Subject: Roberto Gorelli article on recent megaton class impacts
Date sent: Mon, 26 May 1997 23:31:03 -0500 (CDT)

I came across the following message from George Zay while perusing the
archives of the meteorite mailing list at Meteorite Central. Zay summarizes
an article by Roberto Gorelli which appeared in a recent issue of the
International Meteor Organization journal "WGN." I have not read the
original article myself. Mr. Gorelli presented a paper on this same topic
at last summer's Tunguska '96 conference. I do not believe the proceedings
of that conference are available yet. They are scheduled to appear in a
special issue of the journal "Planetary and Space Science."

-- Phil "Pib" Burns
Northwestern University, Evanston, IL. USA


I thought some of you might find this of some interest?
George Zay

Roberto Gorelli of Italy wrote a short article in the International Meteor
Organizations journal WGN about "Real Frequency of Meteoritical Events of
Megatonic Class".

Paraphrasing the articles conclusion, he calculated that the frequency of a
Megatonic impact somewhere over the earth is at every 10 years and the
frequency of such an event occuring over land would be about every 30-35
years...and this is believed to be an underestimation. He provided a list of
the known 7 megatonic impact events of the last two centuries. They are:

1. April 5, 1800. North America: Fall of a big meteorite with an earthquake
and destruction of a forest. Released Energy unknown. Source: E.Howard in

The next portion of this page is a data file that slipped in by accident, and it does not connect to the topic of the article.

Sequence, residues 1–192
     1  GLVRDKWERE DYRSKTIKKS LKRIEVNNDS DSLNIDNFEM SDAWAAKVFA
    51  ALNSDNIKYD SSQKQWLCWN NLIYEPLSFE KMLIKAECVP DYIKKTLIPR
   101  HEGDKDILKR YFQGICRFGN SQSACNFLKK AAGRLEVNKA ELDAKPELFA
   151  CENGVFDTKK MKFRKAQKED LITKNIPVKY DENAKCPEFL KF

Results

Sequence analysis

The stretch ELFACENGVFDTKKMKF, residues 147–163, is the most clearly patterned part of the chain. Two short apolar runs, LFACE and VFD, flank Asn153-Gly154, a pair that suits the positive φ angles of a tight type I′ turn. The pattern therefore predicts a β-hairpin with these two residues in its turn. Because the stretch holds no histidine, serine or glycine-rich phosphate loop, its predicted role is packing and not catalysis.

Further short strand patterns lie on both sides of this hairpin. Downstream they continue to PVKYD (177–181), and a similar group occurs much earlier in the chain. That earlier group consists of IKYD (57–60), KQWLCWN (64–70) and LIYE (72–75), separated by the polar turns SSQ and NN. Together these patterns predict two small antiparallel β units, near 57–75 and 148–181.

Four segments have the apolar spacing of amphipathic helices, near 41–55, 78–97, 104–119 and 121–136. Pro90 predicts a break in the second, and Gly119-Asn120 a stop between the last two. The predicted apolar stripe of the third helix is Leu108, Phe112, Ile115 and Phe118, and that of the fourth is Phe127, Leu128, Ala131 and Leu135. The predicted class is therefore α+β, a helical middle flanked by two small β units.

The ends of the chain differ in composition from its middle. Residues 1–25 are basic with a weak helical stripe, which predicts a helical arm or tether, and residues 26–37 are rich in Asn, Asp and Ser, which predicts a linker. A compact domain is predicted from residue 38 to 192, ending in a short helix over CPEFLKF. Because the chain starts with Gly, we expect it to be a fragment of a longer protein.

Transactions Philosoph. Ann; 1802, 23, Chapter 338.

2. November 9 or 19, 1819, Canada and Northern United States: Black rain
accompanied by bolids, shaking as of an earthquake, and obscuration of the
sky, Released energy unknown. Sources: (1) Zurcher, Meteors. p.238; (2)
Edinburgh Philosophical Journal 2-381; (3) F.G. Plummer in U.S. Forest
Service bulletin no. 117.

3. February 24, 1885, Pacific Ocean Long: 170 deg East, Lat: 37 deg North;
Red inflamed sky, blinding mass fell on the ocean and lifted a big mass of
water. Released energy unknown. Source report of Mr. Innerwish transmitted to
the Hydrographic Office in Washington by the San Francisco branch and
published in Science, 5-242.

4. May 3, 1892, Sweden, Norway, Denmark and surrounding locations: Fall of
500 tons of dust. Released energy unknown.

5. June 30, 1908, tunguska, Siberia, Russia; Released energy: 12.5 megatons.

6. August 13, 1930, Rio Curuca, Amazonia, Brazil: Released Energy: 0.1 - 1

7. December 11, 1935, West Marudi Mountain, British Guyana, Released Energy:
more than 10 megatons?


CCCMENU CCC for 1997

The content and opinions expressed on this Web page do not necessarily reflect the views of nor are they endorsed by the University of

The content and opinions expressed on this Web page do not necessarily reflect the views of nor are they endorsed by the University of Georgia or the University System of Georgia.